I also use spaghetti squash in a ton of recipes, my most favorite being my Spaghetti Squash Meat Pie
I need to try and use more delicata squash; it’s hard to find!
Amber Karnes says
That’s a super idea, to use it as a thickener. And I’ve gotta try that meat pie for sure. Thanks!!
love these ideas, can’t wait to try them all. i’m a newbie to squash having only starting eating it upon reading the Paleo Solution. But I came up with a butternut squash dessert that is a VERY SPECIAL Occasion dessert.
cut butternut squash in half lengthwise (one half per person). roast face up with the water in the bottom of the pan as previously described but in the scooped out hole where the seeds were, put in a couple tabs of good, grass-fed butter and couple tablespoons of real maple syrup. roast as normal but every 10 mins or so spoon some of the syrup/butter over the rest of the squash like you’re basting a ham. when its soft enough to pierce with a fork, take out of the oven and put a small scoop of dairyfree, coconut ice cream in the hole of the squash, sprinkle with cinnamon lightly and your dessert tastes just like freshly baked apple pie. even my non-paleo very skeptical friends love this dessert.
Amber Karnes says
My goodness, that sounds yummy.
I have been trying different squashes recently and have had great success. Well, except with the acorn squash. The taste was anything but sweet…it was bitter tasting. Is it possible the squash I got wasn’t ripe?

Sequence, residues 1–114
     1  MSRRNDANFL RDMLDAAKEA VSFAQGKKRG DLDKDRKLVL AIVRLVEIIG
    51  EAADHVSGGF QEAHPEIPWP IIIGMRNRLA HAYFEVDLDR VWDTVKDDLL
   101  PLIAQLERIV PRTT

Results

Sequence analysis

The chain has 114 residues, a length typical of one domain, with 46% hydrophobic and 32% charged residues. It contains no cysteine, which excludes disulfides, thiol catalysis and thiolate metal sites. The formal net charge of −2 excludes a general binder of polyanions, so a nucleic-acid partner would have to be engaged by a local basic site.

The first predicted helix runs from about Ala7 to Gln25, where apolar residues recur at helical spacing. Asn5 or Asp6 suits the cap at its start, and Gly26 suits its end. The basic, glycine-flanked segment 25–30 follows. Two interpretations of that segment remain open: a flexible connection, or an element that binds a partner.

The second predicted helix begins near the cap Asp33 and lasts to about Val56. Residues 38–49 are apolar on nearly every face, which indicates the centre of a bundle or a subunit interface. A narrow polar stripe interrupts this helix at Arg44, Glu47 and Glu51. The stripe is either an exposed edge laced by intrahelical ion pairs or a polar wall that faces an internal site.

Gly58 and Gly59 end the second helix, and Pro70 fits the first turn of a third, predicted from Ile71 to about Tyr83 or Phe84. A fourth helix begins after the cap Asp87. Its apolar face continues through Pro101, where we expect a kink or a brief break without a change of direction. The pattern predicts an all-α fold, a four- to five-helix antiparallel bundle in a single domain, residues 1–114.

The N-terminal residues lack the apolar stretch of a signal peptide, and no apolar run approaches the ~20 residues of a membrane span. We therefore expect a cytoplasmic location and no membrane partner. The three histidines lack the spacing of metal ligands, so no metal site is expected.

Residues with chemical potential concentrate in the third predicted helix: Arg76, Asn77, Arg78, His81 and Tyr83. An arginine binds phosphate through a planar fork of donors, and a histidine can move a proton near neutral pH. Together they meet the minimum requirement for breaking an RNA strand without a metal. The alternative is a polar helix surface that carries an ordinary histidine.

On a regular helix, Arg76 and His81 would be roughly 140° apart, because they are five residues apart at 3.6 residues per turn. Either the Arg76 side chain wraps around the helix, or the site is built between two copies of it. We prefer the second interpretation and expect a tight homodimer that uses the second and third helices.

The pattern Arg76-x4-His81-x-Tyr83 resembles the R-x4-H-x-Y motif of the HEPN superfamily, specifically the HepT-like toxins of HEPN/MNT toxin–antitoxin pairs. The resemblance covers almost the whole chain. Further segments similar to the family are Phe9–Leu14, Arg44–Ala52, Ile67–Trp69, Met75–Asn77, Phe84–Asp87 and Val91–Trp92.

How can you tell if a squash is ready for consumption?
Amber Karnes says
Ali, sorry you got a dud! You might have gotten an overly ripe one, actually. From the internets…
“Harvested when fully ripe, the average acorn squash weighs from one to three pounds. Any larger and you risk getting a dry, stringy squash.
It’s difficult to judge an acorn squash by its outward appearance. It should feel heavy for its size with smooth, dull skin and absolutely no soft spots. Shiny skin indicates it was picked before fully mature, unless the producer has applied wax. Look for some partial orange on the skin as a sign of maturity. On the other hand, too much orange coloring on the skin indicates an overripe squash which will be dry and stringy. A good balance between green and orange coloring is optimum. When comparing, be aware that lighter weight ones have lost moisture through the skin and will be drier.”
You forgot kabocha, the best variety of squash!
no joke, kabocha is stupidly delicious. I lived in Japan for five years and the thing is all over. You can actually just slice the raw thing thin and oil the slices and grill them! nice grill marks and you get these crunchy, caramelized slices of pumpkin goodness.
Amber Karnes says
You guys, I have never tried kabocha squash! Gonna get on that asap.
Any idea on how many calories kabocha has? I Ask because I’ve seen vastly different values given for kabocha–some list it similar to the calories of pumpkin or other winter squash, but other values say closer to that of a sweet potato. Did you ever see any data when you were in Japan?
Great post Robb! I literally just made my first Kabocha squash about 3 days ago. It was awesome!
One question, is it possible to overdo squash? I mean can I eat as much as I want?
I’m loving the squash this season…my favorite by far is butternut squash– I like to chop it into chunks, coat with melted coconut oil, salt and cinnamon and bake until soft…delicious!
I have two questions…Is mayo bad and does it make a difference if you make your own so you can control the type of oil in there? And the second is, I’ve heard arrowroot flour is not problematic and can be used to make paleo gravies. Is arrowroot flour in fact free of any problematic lectins/sapponins/etc.? Obviously neither of these items are particularly good for you but maybe neutral?